Tag: blablabLAB

The Quest For Paid Work: (Making a) Living On The Edge – blablabLAB

I met Gerard and Raul in Linz, Austria last year at Ars Elektronika – they were setting up their project and I heard them speaking Catalan, it turned out that we all lived in Barcelona. Their presentation was hilarious as they explained how different technology is the most important technology depending on the situation – so one of those pens with many colours is the best tech on a Friday night as it enables people to copy the entrance “stamps” of a disco on their arms when they have no money. These guys are true “lifehackers”… they also made the “Golden Nica” I’m holding in my avatar picture.
(btw the video was recorded on skype over their mobile after all other attempts failed…)

Gerard Rubio and Raul Nieves are part of the blablabLAB collective and are currently Artists in Residence at Hangar in Barcelona. They formed the collective about 4 years ago. Gerard says that they have a cheap life, but have a lot of time, which is like their financial currency. They invest that time in acquiring knowledge which they then use to create projects and also to hold workshops to transfer the knowledge. Their latest workshop is on how to build a 3D printer, a printer which can print another printer. This workshop comes out of a project blablabLAB did on Las Ramblas in Barcelona called Be Your Own Souvenir which, unlike most of their projects, has given them the chance to earn some money.

Their projects are normally funded but most of the money goes on production costs. For example Haberlandt – “a vending machine for food crops, a bio-reactor for growing a superfood—Arthrospira platensis micro-algae—and an automated avant-cuisine machine”, had funding of 650€ but later it, and Be Your Own Souvenir, won honorary mentions in the prestigious Prix Ars Eletronika which funded a trip to Linz to exhibit the projects with further production. Haberlandt became very well known online and they received lots of offers to exhibit and began travelling and made some money from the project, something which normally doesn’t happen in Spain.

Any money they get goes back into the projects, so the aim is to break even. They usually begin with little or no investment, using materials from the trash like broken 3D printers. Although it is a limitation, it has created an ecosystem for them and meant that they learned new skills and gained new knowledge. blablabLAB is not a hobby, Raul says, but at the moment they have time and don’t need to earn a living from it. For now they are supported financially by their parents, do some jobs and get scholarships so have time to grow in exactly the direction they want. Later they will try to make a living from blablabLABs, although they think it will be hard. Both feel that the time they’ve invested in learning, acquiring skills and experimenting is beginning to pay off and they are getting more workshops and offers.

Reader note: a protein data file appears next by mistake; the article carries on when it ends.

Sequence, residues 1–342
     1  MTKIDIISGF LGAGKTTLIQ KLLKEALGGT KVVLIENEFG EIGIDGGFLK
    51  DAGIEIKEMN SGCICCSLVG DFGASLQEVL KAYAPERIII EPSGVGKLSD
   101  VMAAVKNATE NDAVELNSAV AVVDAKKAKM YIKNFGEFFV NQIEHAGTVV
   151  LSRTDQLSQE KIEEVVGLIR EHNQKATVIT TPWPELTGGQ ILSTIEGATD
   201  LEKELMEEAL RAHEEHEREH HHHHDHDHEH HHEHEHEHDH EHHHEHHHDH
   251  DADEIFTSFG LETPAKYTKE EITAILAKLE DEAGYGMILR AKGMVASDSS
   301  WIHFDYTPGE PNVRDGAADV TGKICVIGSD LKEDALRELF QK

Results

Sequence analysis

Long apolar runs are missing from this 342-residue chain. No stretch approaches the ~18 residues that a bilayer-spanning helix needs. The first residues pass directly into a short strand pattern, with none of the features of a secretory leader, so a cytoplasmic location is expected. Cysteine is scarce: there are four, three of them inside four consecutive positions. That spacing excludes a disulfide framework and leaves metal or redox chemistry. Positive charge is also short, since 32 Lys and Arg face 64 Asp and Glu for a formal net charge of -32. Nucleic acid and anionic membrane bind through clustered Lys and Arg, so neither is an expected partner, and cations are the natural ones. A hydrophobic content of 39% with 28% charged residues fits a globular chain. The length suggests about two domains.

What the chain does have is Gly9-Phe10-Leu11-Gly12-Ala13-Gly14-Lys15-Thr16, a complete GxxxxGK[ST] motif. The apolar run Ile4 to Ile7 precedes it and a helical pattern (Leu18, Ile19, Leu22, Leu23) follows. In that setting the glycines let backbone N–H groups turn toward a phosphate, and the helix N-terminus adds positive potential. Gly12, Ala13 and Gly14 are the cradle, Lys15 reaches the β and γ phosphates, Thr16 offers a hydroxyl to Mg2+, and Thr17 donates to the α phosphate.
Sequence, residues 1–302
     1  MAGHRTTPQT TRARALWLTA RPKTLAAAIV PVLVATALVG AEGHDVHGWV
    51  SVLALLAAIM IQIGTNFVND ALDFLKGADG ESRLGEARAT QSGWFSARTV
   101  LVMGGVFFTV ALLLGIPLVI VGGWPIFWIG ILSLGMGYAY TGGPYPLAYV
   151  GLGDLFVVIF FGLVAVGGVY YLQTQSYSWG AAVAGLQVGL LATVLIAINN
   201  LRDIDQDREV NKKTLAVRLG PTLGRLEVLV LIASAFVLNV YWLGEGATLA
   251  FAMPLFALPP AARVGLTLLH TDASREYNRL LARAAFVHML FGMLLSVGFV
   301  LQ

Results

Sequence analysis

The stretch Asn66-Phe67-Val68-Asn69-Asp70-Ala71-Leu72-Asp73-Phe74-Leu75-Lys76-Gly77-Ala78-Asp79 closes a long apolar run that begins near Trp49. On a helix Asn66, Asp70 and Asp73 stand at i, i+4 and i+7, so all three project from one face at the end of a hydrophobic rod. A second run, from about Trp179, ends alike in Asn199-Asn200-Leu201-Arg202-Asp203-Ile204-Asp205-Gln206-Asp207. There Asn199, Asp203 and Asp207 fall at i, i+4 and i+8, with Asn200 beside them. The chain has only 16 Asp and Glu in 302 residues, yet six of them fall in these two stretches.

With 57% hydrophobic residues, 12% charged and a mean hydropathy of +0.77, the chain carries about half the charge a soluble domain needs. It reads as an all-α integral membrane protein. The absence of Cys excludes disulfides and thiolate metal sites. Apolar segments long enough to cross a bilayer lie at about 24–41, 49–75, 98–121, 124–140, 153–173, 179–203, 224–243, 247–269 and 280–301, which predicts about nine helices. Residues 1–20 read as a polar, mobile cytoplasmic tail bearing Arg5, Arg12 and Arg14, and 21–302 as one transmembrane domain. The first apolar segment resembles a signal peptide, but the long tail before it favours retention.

Reusing materials means that production costs are lower but they also see it as a political choice – reusing before recycling before trashing. I asked them about how far the Haberlandt project had come, it being an example of the blablabLAB ecosystem. They explain that the algae they generated in Linz was eaten by Gerard and during the winter they had about 3 litres of a hibernating culture which now needs to be grown. They are in contact with an active network of Spirulina growers in Catalonia but the main idea is to keep a little algae in case they need to take it somewhere for an exhibition. Raul explains that they have a meeting scheduled with the El Bulli Foundation of the renowned chef Ferran Adrià  to talk about Haberlandt as well.

I asked if the crisis in Spain is creating more interest in the kind of things they do. Gerard replies that he thinks there’s more interest in the way they produce because it’s very economical and more people are going to be reusing stuff because they won’t have enough money to buy new things. They both feel there’s going to be a return to how things were done in the past – things that our grandparents did and ways of living, these ways of doing things disappeared, probably due to people having money, but they are coming back. They don’t feel that have set a precedent, more that  things are becoming more like the way they work. So far the crisis hasn’t affected them very much, but they are more excited than scared about it. Things were already bad, but now people are seeing it and there is a chance for change – things like consumers cooperatives organising and buying produce direct from farmers and cutting out all the intermediaries, “these things are accelerating and being pushed very far”, says Raul. They are “very interested in the structures, human relationships, sociology and economic structures that can emerge.”

They see that the use of 3D printers can make a change in manufacturing and production, although it’s hard to predict how large, and point out that it’s important to create self aware communities of users who understand the issues around the use of the printers and don’t just create more environmental problems. Many manufacturers of 3D printers just want to sell large volumes and they see that open-source producers have more interest in the larger issues. They hope that someone will start a small business with the printers maybe creating jewellery or something similar.

Both Gerard and Raul admit that they do not have a good social media “policy”, citing the amount of blablabLAB things and other commitments such as studying and work, and feel they should take more advantage of the opportunities social media offers. They are heavy users of the Internet, checking out and following RepRap 3D printer developers for real time updates for example. Usually when they are working on a project they are just too busy and stressed.